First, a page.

Today our guest blogger is Emmanouil Schizas. Emmanouil is a policy adviser with the SME Affairs Unit at ACCA. His work focuses on the impact of regulation on small firms, SMEs' access to finance, and the public procurement market, as well as enterprise skills and training.
Emmanouil studied Economics and Human Resource Management in Athens, Greece, before moving to London to study Accounting and Finance. After graduating, he worked for two years as a researcher for the UK's Financial Services Skills Council, before joining ACCA in 2008.
When Baroness Vadera, the UK’s Minister for Competitiveness and Small Business, said earlier this year that she could see “a few green shoots” of economic recovery, she was savaged by commentators for being insensitive and out of touch. But with the coming of spring, more and more cautious optimists are sprouting up – and being told off – around the world (1, 2, 3).
Even though there is still no consensus on the timing of a global economic recovery, most commentators agree that the return of confidence among businesses and consumers is a necessary condition. In the words of one ACCA member:
“At some point Chicken-Licken will realise that the sky hasn't in fact fallen on her head, and confidence will return.”
But where does confidence come from? A recent survey of ACCA members has given us a glimpse into how finance professionals form their expectations of the future, both for their own organisations and for the global economy.
Between 20 February and 14 March, 805 of our members from more than 80 countries responded to ACCA’s first Global Economic Conditions Survey. I will not discuss here what respondents told us about the state of the global economy – a summary of these findings is now available on the Global Economy Microsite. Instead, I’d like to share with you what the survey told us about how respondents came to these conclusions.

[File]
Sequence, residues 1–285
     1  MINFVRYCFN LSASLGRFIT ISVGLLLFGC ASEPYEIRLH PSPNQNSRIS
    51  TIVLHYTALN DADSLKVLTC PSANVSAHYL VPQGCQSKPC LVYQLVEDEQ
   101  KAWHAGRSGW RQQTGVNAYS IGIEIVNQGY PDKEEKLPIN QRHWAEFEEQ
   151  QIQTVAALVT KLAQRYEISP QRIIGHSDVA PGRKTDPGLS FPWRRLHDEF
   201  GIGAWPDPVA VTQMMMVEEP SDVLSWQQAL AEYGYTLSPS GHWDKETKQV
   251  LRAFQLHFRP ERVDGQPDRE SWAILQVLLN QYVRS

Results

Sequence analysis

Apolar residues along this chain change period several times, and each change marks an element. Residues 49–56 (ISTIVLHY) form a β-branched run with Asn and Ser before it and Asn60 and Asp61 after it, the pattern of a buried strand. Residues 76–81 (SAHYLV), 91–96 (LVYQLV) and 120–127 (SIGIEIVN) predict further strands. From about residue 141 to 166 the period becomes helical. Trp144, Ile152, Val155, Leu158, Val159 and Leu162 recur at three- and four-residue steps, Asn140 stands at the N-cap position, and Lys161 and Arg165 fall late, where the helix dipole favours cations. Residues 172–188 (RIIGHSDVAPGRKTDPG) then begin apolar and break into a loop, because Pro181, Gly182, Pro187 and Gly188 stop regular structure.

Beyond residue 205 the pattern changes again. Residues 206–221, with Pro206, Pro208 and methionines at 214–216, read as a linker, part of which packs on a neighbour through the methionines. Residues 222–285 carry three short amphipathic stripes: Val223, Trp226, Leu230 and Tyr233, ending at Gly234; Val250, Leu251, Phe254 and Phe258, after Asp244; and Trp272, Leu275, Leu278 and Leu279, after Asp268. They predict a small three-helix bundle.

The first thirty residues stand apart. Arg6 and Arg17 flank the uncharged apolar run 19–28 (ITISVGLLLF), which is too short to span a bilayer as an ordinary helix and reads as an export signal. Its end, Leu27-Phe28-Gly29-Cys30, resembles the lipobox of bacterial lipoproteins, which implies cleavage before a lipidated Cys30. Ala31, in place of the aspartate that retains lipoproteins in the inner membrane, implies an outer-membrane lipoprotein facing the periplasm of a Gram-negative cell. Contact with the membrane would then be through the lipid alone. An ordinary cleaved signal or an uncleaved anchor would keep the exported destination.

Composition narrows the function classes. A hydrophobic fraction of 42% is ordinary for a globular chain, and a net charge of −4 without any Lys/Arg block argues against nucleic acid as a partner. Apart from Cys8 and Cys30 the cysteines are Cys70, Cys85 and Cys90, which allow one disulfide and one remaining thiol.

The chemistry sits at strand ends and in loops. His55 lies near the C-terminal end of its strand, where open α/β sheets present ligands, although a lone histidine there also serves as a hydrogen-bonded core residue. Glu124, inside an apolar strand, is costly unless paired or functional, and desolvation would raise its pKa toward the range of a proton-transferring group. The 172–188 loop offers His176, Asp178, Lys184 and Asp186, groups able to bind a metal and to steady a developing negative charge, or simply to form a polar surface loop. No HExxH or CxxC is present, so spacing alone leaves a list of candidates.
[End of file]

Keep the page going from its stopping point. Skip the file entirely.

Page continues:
ACCOUNTING FOR CONFIDENCE
The survey findings suggest that professionals’ confidence in their own organisations is driven mostly by microeconomic factors and that businesses can be successful despite an economic downturn.
The survey examined a wide range of negative impacts attributable to the economic downturn, but only a few were consistent with significantly lower levels of confidence among finance professionals. Staff cuts and hiring freezes correlated most strongly with loss of confidence, followed by decreased income and concerns about late payment. Difficulties securing finance and concerns about customers going out of business also had significant but less extensive effects. Respondents who were worried about the survival of key suppliers were actually more confident, possibly because they expected the reduced bargaining power of their suppliers to lead to savings for their own organisations.
Those businesses that were able to take advantage of shifts in demand (for instance towards lower-priced goods) made the greatest gains in confidence, while opportunities to promote high quality standards also materially improved confidence.
Organisations which were small and undiversified regionally, were thought by respondents working in them to be more vulnerable. This effect was cancelled out when the specific impacts of the downturn were taken into account, suggesting that loss of confidence in these businesses is driven mostly by objective factors.
Once all of the above were taken into account, there were no significant sector or country effects on confidence. The predicted duration of the downturn, however, did influence confidence in a complex fashion.
Respondents predicting a very quick recovery (1 year or less) reported higher levels of confidence regardless of whether the particular effects of the downturn were taken into account. On the other hand, those predicting a very slow recovery (3 years or more) were also more confident, but only once the effects of the downturn were taken into account. This means that some of the pessimists out there are deriving confidence from the fact that they’re prepared for the worst, while some of the optimists may simply be failing to read the writing on the wall.